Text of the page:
(This is an extended version of a comment I made on Liberal Conspiracy.)
A fortnight ago I wrote that Labour would be the biggest losers in the expenses scandal. A fortnight’s a long time in politics, and the expenses scandal has metamorphosed into an appreciation that the entire political system is seriously defective and needs to be reformed. A fortnight a go, I thought it was a sure thing Cameron would win the election. I don’t think it is now.
If Labour acts decisively (probably under a different leader than Brown, who’s about as decisive as a sack of suet) and writes up a list of constitutional reform proposals, then puts them to the people in a referendum (with each proposal being voted on separately, of course), they will appear to be responding decisively and appropriately to people’s concerns. This will improve Labour’s poll ratings.
Also, every voter who isn’t a Conservative supporter — about 60-70% of them — has an interest in avoiding a Conservative victory under FPTP, and will probably vote for PR. If PR wins in a referendum, Labour will even be able to truthfully say they are implementing it because it’s the will of the people not because it’s in their interest. And there will be nothing that Cameron can do about it — he can hardly slag off the expressed will of the people — so he will have to sit impotently while the prime ministership slips from his hands.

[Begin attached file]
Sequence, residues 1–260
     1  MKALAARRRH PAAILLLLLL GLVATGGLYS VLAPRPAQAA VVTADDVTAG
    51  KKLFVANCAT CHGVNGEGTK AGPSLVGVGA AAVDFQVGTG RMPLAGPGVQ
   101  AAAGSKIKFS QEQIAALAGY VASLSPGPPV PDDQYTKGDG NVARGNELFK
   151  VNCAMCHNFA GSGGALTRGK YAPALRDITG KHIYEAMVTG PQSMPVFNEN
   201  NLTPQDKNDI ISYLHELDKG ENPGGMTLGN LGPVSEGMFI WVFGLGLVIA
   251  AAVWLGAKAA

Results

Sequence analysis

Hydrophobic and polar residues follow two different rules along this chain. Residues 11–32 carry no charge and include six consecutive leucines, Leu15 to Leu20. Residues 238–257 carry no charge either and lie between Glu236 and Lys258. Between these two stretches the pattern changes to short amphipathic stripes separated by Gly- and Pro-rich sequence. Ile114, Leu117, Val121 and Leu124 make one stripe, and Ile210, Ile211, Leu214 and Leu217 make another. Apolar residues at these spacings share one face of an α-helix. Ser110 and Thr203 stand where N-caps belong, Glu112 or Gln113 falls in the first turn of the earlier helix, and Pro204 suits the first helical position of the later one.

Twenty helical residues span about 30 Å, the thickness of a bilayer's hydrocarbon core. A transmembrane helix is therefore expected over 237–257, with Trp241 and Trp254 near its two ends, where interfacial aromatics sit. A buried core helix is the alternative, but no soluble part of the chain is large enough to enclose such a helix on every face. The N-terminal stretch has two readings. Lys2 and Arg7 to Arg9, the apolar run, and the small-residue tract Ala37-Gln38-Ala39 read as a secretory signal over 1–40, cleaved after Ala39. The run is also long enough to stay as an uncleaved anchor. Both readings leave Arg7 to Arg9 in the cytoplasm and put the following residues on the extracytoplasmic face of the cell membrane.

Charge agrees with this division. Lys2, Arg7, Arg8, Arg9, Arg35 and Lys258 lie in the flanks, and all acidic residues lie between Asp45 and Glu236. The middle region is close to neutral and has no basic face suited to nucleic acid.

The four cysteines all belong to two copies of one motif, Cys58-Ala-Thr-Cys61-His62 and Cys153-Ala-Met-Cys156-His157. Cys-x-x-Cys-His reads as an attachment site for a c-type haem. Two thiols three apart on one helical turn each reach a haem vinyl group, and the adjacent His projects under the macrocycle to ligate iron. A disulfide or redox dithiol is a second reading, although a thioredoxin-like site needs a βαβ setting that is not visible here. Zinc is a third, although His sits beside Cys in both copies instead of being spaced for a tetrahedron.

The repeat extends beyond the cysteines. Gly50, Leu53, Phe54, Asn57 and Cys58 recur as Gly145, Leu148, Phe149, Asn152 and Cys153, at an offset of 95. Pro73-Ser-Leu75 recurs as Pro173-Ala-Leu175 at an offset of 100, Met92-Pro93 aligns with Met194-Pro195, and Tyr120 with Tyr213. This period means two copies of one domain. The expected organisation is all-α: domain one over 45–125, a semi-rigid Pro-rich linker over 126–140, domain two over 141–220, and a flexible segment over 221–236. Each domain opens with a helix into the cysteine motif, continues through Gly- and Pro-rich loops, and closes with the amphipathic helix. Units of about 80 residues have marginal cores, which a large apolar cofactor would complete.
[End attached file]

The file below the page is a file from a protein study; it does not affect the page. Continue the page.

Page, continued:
So the constitutional crisis prompted by the expenses scandal may well lead to a Labour minority government, elected by PR, probably with Johnson or Miliband as leader. I bet the Telegraph didn’t expect that when they started publishing MPs’ expenses.